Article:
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Thursday, June 20, 2024

Barcelona and Real Madrid’s financial woes embolden Super League pursuit

Two years ago last month Barcelona signed Frenkie de Jong for 75 million euros ($90 million), while six months earlier Real Madrid spent 100 million euros on Eden Hazard.

When the transfer window closed on Monday, Madrid had finished a second consecutive window without signing anyone while Barca coach Ronald Koeman was told the club could not find even three million euros for a much-needed central defender.

“What I want as a coach is not possible financially,” said Koeman in September.

To ease the strain, key players could be sold, their wages shifted, and those that stay may have to take further pay cuts. But gaining traction too — from the two clubs at least — is the idea that the coronavirus pandemic has made a European Super League a necessity.

“We are all aware how difficult these times are and the challenges we face in the coming months,” said Real Madrid president Florentino Perez at the club AGM in December.

“Football needs new ideas to make it more competitive, more exciting and stronger.”

A breakaway Super League “will guarantee the future financial sustainability of the club”, said outgoing Barca president Josep Maria Bartomeu in October.

The pandemic has hit Barcelona and Madrid hard, certainly harder than their rivals in the English Premier League where bigger television contracts and billionaire owners have provided some degree of immunity.

Problems accentuated by pandemic
By the end of this season, Barcelona expect to have surrendered close to 500 million euros in revenue due to coronavirus and Madrid around 400 million.

Yet many of the burdens have been accentuated, not created, by Covid-19.

Madrid’s 575 million-euro renovation of the Santiago Bernabeu and Barcelona’s 800 million-euro plan to add seats and a roof to the Camp Nou are long-term projects.

Barcelona already had the highest wage bill in Europe before coronavirus came along. Real have been hamstrung in the transfer market since spending 350 million euros on new signings in 2019.

“Barcelona, especially, have been like this for a while,” says Dr Dan Plumley, a football finance expert at Sheffield Hallam University.

“The finances have been day-to-day, hand-to-mouth, always operating on the edge.”

When the pandemic is over and revenues return, the expectation is Barcelona and Madrid will also be among the quickest to bounce back.

While Barca’s losses for last season were the worst in Spain, they were not alone in Europe.

Roma, AC Milan and Juventus in Italy all reported huge losses, while Manchester United last year reported net debt of 474 million pounds ($648m) early in the pandemic.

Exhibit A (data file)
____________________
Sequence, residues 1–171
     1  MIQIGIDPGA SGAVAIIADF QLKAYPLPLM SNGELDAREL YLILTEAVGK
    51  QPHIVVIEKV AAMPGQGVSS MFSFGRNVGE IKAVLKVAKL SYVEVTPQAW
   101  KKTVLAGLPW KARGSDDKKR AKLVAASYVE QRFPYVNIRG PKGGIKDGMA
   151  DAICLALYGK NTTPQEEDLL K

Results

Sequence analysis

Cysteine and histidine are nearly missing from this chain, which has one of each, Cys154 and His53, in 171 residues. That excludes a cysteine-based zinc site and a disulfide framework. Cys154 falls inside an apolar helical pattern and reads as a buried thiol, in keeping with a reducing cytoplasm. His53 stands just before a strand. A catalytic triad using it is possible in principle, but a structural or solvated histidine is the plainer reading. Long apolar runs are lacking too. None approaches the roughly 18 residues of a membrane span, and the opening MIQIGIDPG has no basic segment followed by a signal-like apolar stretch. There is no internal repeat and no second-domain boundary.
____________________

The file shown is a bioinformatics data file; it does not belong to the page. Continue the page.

And Barcelona topped the latest Deloitte Football Money League with revenue of 715 million euros in 2019/20.

“So if a club has that income and owes one billion euros, is it balanced? It’s not perfect but it can be restructured. The level of debt is exaggerated,” says La Liga president Javier Tebas.

A useful excuse?
If a Super League is the aim, the pandemic is a useful excuse, a way of justifying what Joan Laporta, favourite to succeed Bartomeu as Barcelona president, has estimated would be an 800-million euro reward just for entering.

“Both clubs are playing the game,” says Jimmy Burns, author of several books on Spanish history and football in Spain.

“Florentino is a hard-nosed businessman and history has shown Real Madrid and Barcelona are never afraid to push their own agendas.”

“Financially, it’s not something they need,” adds Plumley. “Their need is to get bigger and to extend the gap further.”

However, on the pitch the gap has rarely been smaller.

This season Madrid have already lost to Cadiz, Alaves and Levante as well as third-tier Alcoyano in the Cup. Barca and Madrid are 10 points behind Atletico in La Liga.

And while the dip in Spain is surely temporary, authority in Europe may be harder to recover.

Barcelona’s historic 8-2 loss to Bayern Munich last season came after Real lost to Paris Saint-Germain and then Manchester City, two state-owned clubs whose riches continue to disturb the old hierarchy.

It is a problem that requires urgent action. “Both clubs have a huge history, mixed with a specific culture and politics, which creates a mystique,” says Burns.

“But the reality is Barcelona and Real Madrid over the last 20 years have signed up completely to big business football as a global phenomenon. The Super League is just the natural evolution of those ideas.”


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